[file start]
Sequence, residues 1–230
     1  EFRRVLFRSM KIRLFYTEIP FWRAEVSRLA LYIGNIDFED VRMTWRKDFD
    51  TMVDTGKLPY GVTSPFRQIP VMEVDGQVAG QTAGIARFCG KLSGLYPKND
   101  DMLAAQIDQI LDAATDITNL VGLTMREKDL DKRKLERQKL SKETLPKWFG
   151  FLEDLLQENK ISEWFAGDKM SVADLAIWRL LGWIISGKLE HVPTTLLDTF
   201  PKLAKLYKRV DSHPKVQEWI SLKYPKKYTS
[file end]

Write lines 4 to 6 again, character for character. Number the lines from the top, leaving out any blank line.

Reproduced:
   101  DMLAAQIDQI LDAATDITNL VGLTMREKDL DKRKLERQKL SKETLPKWFG
   151  FLEDLLQENK ISEWFAGDKM SVADLAIWRL LGWIISGKLE HVPTTLLDTF
   201  PKLAKLYKRV DSHPKVQEWI SLKYPKKYTS